Color Me Giallo

Written by Aleksander U. Serigstad

Our debut record lends its name from the first splatter movie ever made; Herschell Gordon Lewis’ Blood Feast (1963). This was the first movie where graphic depictions of blood and gore became the main star. A crazed killer slaughters and sacrifices innocent victims to an Egyptian goddess. Limbs are chopped off, brains hacked out and tongues ripped out – all in blood red color. Remember, this was only three years after Psycho (1960), which was shot in black and white mainly because Hitchcock thought the shower scene would be too graphic in color. So back in 1963 Blood Feast was pretty hardcore. Today the movie probably delivers more in camp value than shock, with its over-the-top acting and low production value. The gore still looks pretty yucky though, as most of it is actually real meat from the local slaughterhouse. But Blood Feast is still a fascinating time capsule worth checking out. Its film historic value, gruesome gore and cheesy acting, makes it irresistibly charming for a low budget horror movie buff like myself. Lewis followed up the movie with Color Me Blood Red (1964), where a desperate artists kills people to use their blood in his paintings. Not unlike Roger Corman’s A Bucket of Blood (1959), but a lot gorier, and off course in blood red color!

The poster from the movie “Color Me Blood Red”.

“Color Me Blood Red” is also the name of track number 5 on our record, obviously inspired by Lewis gore classic. We have also released a music video for this song, directed by yours truly. My idea was basically to remake Color Me Blood Red, but shoot it as if it was an italian giallo flick. The giallo genre was popular in Italy in the 1960’s and 70’s. The term stems from crime books that were released with yellow covers, “giallo” meaning yellow in Italian. A giallo film is basically a murder mystery, usually featuring a black gloved killer, insane plot-twists that are often impossible to guess and heavy emphasis on style and atmosphere. They can often be very brutal and violent, which makes them more similar to the slasher movies that ruled the 1980’s, than an episode of “Poirot” or “Midsomar Murders”. We already have a giallo reference on the album. Track number 4 is named after Death Walks At Midnight (197) by Luciano Ercoli, which is a lesser known brutal and stylish giallo flick. Style is one of the key elements of a giallo. As for Herschell Gordon Lewis, he isn’t exactly known for his visual style or strong play with suspense and atmosphere. What he delivered best was gore. So what if Color Me Blood Red was made by some of the Italian giallo maestros like Mario Bava or Dario Argento? That was my core idea for the music video, which gave me the chance to play around with a lot of cool imagery from movies I love. So here’s a break down on some of the visual inspirations for “Color Me Blood Red”, which just as well can work as an insight to the visual trademarks of the giallo genre.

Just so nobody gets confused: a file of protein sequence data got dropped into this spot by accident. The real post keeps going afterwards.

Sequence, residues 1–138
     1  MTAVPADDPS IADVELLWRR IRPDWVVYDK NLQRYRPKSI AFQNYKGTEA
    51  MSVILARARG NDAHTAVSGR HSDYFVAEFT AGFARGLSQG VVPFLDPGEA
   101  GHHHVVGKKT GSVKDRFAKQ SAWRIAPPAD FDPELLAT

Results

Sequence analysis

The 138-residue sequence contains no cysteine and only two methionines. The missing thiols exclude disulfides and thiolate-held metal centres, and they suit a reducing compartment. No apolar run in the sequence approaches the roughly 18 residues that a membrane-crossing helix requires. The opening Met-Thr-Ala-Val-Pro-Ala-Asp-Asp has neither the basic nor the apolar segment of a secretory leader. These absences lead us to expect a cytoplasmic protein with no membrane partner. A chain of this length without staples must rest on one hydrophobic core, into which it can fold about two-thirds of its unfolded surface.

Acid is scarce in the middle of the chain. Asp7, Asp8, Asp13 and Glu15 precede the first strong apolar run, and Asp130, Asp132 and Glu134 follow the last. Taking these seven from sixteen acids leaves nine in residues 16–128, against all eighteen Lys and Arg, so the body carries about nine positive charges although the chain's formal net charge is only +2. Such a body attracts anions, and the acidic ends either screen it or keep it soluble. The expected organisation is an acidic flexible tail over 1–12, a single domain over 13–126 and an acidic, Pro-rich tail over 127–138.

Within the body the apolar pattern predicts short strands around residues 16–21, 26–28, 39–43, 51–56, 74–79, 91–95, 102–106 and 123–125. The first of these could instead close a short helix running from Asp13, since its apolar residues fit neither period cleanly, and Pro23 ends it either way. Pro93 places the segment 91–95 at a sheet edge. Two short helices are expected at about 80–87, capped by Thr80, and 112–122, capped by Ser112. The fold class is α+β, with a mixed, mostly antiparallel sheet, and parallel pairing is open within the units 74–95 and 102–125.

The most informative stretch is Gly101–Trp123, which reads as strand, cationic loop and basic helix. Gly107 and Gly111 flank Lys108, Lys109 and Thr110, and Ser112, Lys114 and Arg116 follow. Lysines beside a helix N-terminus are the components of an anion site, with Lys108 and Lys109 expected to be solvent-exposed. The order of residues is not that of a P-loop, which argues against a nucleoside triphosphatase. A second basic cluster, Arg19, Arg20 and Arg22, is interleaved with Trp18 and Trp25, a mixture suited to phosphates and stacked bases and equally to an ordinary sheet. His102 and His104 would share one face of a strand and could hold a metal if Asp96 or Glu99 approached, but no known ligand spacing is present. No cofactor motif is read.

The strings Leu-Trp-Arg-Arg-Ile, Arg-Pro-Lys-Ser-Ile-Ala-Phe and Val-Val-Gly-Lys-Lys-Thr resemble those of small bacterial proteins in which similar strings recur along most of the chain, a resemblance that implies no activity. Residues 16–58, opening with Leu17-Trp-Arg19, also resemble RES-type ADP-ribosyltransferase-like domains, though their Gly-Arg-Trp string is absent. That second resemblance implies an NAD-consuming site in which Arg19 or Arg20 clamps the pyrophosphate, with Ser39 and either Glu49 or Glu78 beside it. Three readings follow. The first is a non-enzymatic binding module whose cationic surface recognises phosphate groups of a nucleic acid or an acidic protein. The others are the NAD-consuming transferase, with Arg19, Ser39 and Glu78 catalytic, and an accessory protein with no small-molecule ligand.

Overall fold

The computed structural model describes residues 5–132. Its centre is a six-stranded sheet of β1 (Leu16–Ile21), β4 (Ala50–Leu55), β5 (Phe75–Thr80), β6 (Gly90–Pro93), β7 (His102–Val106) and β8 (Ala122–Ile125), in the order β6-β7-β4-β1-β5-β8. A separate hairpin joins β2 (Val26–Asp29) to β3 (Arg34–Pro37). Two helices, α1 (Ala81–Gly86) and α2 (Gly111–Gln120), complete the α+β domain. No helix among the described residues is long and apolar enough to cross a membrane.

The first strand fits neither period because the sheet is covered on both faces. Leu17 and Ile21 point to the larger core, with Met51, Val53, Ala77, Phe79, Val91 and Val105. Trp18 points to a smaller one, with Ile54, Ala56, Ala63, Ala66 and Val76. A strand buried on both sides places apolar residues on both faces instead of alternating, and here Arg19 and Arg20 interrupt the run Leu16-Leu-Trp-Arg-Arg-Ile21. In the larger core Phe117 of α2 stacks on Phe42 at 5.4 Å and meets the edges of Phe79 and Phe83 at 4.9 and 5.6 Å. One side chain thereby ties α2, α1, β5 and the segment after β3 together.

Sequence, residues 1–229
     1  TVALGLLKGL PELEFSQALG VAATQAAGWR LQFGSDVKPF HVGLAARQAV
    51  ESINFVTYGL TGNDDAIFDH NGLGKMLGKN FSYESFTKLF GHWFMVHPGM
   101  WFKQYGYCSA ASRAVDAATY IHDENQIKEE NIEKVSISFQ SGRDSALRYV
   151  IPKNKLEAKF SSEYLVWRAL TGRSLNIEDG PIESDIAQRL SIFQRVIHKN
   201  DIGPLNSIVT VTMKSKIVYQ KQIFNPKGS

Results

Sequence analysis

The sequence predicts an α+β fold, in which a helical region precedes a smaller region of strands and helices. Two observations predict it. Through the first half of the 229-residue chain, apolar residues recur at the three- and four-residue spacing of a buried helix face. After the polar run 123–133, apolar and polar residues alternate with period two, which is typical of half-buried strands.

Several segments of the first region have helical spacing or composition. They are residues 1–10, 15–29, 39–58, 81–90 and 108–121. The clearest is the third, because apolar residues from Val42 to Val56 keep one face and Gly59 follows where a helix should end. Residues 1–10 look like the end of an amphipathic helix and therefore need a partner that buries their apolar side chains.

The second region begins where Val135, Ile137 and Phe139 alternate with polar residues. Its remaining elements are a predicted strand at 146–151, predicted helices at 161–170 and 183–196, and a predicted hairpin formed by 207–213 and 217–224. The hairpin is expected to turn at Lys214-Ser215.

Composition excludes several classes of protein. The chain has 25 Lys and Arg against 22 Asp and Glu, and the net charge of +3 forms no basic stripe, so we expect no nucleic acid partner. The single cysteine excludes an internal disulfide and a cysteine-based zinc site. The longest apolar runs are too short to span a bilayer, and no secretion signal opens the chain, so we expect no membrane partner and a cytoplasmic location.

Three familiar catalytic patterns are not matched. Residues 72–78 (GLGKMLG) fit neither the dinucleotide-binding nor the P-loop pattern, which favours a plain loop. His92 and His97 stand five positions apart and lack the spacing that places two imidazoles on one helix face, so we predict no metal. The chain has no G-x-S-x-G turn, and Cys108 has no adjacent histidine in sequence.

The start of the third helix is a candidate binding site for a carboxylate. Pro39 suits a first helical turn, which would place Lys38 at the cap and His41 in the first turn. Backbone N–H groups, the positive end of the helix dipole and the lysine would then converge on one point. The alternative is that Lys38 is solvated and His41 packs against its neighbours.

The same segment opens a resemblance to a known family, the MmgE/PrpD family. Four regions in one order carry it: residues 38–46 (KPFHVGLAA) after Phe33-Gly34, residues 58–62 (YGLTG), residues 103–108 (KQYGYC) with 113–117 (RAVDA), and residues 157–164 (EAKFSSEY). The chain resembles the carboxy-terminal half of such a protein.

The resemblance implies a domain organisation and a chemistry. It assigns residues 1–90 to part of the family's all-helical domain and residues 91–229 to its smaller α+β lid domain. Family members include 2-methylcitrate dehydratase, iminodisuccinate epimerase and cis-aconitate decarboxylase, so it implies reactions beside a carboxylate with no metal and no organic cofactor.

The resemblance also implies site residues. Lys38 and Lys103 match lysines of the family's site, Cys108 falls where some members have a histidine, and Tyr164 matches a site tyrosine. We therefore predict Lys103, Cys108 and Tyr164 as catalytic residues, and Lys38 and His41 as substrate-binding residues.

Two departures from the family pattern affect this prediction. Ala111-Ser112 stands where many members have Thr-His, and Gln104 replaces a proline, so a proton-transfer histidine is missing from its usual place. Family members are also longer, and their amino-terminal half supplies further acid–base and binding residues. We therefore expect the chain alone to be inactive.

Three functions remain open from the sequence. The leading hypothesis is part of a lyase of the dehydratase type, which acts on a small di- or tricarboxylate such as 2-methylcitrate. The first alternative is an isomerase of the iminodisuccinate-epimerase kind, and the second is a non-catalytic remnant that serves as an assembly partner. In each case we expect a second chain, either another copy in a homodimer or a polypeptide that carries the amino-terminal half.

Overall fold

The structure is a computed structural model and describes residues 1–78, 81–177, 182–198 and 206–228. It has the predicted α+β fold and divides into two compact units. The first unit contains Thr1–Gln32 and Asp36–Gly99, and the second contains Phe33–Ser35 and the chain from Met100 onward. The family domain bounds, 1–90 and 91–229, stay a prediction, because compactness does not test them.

The look of the killers is directly inspired by Mario Bava’s Blood and Black Lace (1964). Often cited as one of the first true giallo films, as it has many of the core elements of the genre. Bava’s colorful lighting, beautiful women and sets, and most importantly a black gloved killer. The mask is simply a piece of white fabric, tightly formed to the head, but erasing any trace of recognizable facial features, creating an uncanny spooky vibe. The killer also has some resemblances to The Invisible Man (1933), but Bava’s killer was my template for the look. We actually went through many different fabrics before I found the perfect one at Rainbow textil, a fabric store in Grønland, Oslo. I showed them a picture from Blood and Black Lace and they instantly knew what I needed and came back with an elastic fabric that could perfectly stretch to fit the actors head. Actor Daniel Espeland could barely see anything, and sometimes I had to guide him by his hand just to get him into the shot. Probably not the most practical disguise in real life, but as in most giallos; style beats logic. Speaking of Mario Bava, the font I used for the opening title is the same one used for his proto-slasher A Bay of Blood (1970), which made an obvious influence on the Friday the 13th films a decade later.